If variances from baselines are huge, the baselines are unrealistic — or the project hasn’t been executed well.
For example, say your budget for a website development project is $100,000. You go into week two of work and realize you have already spent almost half of this sum — this is a clear indication that something isn’t right.
For this reason, you should use the project baseline to review the project’s actual costs and identify what went wrong and when.
What are the problems caused by not having a project baseline?
As we have already learned, having a project baseline helps us keep our project on the right track.
But what happens if we don’t establish it?
The most common problems related to not having a project baseline include:
- Schedule delays,
- Lack of adequate or insufficient resources,
- Problems related to quality management,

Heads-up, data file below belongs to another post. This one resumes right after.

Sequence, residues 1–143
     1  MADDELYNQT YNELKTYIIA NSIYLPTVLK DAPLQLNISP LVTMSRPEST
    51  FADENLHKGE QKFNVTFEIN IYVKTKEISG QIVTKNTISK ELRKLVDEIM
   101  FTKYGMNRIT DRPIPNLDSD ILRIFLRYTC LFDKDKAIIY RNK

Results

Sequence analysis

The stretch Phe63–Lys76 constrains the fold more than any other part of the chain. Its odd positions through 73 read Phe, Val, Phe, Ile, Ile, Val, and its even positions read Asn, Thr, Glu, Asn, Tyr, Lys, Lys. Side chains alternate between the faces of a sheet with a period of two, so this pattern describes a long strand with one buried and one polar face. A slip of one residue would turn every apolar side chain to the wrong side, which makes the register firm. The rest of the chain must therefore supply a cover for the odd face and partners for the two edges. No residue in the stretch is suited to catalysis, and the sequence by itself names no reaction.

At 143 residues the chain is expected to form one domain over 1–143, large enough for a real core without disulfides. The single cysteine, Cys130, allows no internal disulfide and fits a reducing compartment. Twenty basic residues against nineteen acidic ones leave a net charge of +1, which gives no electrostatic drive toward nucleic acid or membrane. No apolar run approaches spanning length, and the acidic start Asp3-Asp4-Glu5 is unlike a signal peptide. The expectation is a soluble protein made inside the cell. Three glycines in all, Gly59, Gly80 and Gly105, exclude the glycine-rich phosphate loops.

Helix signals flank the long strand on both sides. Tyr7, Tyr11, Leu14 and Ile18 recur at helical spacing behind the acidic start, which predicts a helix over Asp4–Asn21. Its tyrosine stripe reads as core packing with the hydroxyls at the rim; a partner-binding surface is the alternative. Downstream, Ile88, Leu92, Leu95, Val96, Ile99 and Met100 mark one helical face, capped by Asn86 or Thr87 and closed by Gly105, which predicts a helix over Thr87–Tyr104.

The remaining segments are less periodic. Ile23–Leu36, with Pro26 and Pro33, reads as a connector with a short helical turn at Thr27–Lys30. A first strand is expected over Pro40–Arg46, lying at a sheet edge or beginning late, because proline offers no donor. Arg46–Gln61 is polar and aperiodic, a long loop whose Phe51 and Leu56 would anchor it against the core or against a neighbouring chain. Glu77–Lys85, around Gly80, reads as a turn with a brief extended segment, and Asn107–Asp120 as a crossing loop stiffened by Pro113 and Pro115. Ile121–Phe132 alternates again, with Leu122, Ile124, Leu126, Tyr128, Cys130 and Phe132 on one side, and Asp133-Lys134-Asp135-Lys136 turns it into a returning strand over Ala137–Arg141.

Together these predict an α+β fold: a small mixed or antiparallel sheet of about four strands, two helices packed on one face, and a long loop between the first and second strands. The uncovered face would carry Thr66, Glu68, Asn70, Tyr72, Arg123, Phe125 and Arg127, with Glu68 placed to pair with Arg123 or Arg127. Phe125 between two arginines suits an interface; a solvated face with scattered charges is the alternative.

- Issues with monitoring project progress, and
- Improper change management.
Let’s briefly explain each one.
Without a project baseline, you are at risk of experiencing schedule delays.
When does this happen?
Well, for instance, you may underestimate the number of people you need at a certain point in a project — and, you may have difficulty finding new team members when you need them.
Not being able to find people to work on your project will undoubtedly cause schedule delays.
You may also underestimate the time required to complete tasks.
According to the Project Management Institute’s 2018 survey, inaccurate time estimates cause 25% of project failures.
Let’s illustrate this by providing a concrete example.
Suppose your company decides to launch a new website while working on projects for various clients.
Without a project baseline, you may underestimate how many developers and designers you need for that specific project.
As a consequence, your team will have to work long hours — but may still fail to meet deadlines.
Lack of adequate or insufficient resources
Not setting a schedule baseline may contribute to experiencing a lack of adequate resourcing or poor resource forecasting.
That can happen because you may not know which resources you need and when you need them.
For instance, if you work on a construction project, timing for material procurement can make a difference between finishing a project on time or making it a never-ending failure.